By default, file access by users is restricted by the filesystem access controls. On Unix, access can be further restricted with the usage of the
chroot attribute. The
chroot attribute can be used with the
chroot attribute must be a directory path. Values
%hostname% will be substituted with the username, user's home directory, and the FQDN of the connected client, respectively. The values are read from the environment variables defined in the system.
The following sections give instructions on chrooting the terminal, remote commands, and subsystems.
An example of chrooting the terminal is shown below:
<services> <rule> <terminal action="allow" chroot="%homedir%" /> ... </rule> ... </services>
When users are restricted to the chrooted environment, they cannot access the normal shell binary. This means that the shell specified in the
/etc/passwd file for the user has to be present in the equivalent place under the chrooted directory. For example, if
/bin/bash as the shell and the user is chrooted to the home directory, a statically linked
%homedir%/bin/bash should exist.
If the user's shell is dynamically linked, you must make sure that the required shared libraries are also in the chrooted environment. You can resolve the dependencies with the
$ ldd /bin/bash libtermcap.so.2 => /lib/libtermcap.so.2 (0x40026000) libdl.so.2 => /lib/libdl.so.2 (0x4002a000) libc.so.6 => /lib/libc.so.6 (0x4002d000) /lib/ld-linux.so.2 => /lib/ld-linux.so.2 (0x40000000) $ ls lib ld-linux.so.2 libc.so.6 libdl.so.2 libtermcap.so.2 libtermcap.so.2.0.8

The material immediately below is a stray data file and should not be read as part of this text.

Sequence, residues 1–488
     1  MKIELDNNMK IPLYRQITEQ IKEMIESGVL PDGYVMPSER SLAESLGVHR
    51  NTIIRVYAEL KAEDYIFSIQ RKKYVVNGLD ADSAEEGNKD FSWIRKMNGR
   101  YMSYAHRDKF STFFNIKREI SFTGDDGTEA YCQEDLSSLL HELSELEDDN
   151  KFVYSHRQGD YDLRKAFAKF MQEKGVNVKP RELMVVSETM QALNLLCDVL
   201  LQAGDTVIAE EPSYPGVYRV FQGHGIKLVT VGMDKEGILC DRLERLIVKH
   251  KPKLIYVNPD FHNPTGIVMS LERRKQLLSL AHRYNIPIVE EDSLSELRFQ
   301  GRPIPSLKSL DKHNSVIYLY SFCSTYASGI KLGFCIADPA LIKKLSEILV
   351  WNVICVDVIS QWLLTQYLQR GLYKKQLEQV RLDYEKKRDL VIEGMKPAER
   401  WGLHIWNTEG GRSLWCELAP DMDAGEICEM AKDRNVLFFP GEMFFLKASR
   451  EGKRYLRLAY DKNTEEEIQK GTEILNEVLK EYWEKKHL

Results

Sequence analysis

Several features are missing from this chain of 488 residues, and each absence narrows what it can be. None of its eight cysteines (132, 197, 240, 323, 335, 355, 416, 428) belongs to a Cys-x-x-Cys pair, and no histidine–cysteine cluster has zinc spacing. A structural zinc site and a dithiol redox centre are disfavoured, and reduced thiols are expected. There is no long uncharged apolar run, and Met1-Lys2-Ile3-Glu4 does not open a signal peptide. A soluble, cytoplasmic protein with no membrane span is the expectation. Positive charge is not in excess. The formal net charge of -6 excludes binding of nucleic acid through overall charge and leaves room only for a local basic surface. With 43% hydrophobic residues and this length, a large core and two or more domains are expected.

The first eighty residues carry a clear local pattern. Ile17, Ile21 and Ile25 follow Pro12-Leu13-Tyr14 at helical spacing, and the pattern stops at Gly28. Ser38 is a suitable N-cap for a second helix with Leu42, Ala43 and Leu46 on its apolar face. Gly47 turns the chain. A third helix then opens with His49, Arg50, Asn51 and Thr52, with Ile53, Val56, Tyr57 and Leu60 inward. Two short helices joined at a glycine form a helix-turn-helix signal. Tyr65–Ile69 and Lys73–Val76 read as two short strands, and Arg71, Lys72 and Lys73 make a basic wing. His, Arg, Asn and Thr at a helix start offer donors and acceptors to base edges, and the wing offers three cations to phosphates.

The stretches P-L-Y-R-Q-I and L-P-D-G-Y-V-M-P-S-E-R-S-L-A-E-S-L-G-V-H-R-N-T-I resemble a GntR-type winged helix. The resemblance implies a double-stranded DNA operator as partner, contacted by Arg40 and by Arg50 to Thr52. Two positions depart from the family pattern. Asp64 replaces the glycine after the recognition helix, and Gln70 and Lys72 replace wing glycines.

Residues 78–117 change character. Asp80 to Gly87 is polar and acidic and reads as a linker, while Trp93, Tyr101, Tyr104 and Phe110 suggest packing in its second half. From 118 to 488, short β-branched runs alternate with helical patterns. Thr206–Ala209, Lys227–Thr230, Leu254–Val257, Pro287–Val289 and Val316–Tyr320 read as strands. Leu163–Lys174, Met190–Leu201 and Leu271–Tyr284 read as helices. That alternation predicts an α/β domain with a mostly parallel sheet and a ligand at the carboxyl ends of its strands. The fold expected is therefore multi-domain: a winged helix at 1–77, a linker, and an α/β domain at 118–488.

Also note that shared libraries can have other dependencies:
$ ldd libtermcap.so.2.0.8 libc.so.6 => /lib/libc.so.6 (0x40017000) /lib/ld-linux.so.2 => /lib/ld-linux.so.2 (0x80000000)
The user's environment might also need some other tools, such as:
lsfor listing files
sttyfor setting tty modes
You might also need some device files under the user's virtual root directory. At least a
/dev/null file is needed on Linux. You can create it as follows:
$ mkdir dev $ cd dev $ ls -l /dev/null crw-rw-rw- 1 root root 1, 3 Jan 30 2003 /dev/null $ mknod null c 1 3 $ chmod go+w null $ ls -l null
An example of chrooting a remote command is shown below:
<services> <rule> <command application="date" action="allow" chroot="%homedir%" /> ... </rule> ... </services>
Now, the user is restricted to the home directory when running
sshg3 with the remote command
$ sshg3 user@server date
The command to be run has to be statically linked and available under the chrooted environment. In the above example when the user is chrooted to the home directory, a statically linked
date command should exist in
If the command is dynamically linked, you must make sure that the required shared libraries are also in the chrooted environment. See Chrooting Terminal above.
By default, file access by the user using the SFTP subsystem is restricted by the filesystem access controls. On Unix, access can be further restricted with the usage of the
An example of
chroot usage is shown below:
<services> <rule> <subsystem type="sftp" application="sft-server-g3" action="allow" chroot="/home/%username%" /> ... </rule> ... </services>
%username% will be substituted with the current user name. For a user named
example, the path would be
/home/example. During an SFTP session, the user is now restricted to this directory (and its subdirectories).
Chrooting the SFTP subsystem affects both SFTP and SCP2 operations to the server, but it does NOT affect OpenSSH-style SCP operations. To chroot also OpenSSH SCP, you should chroot the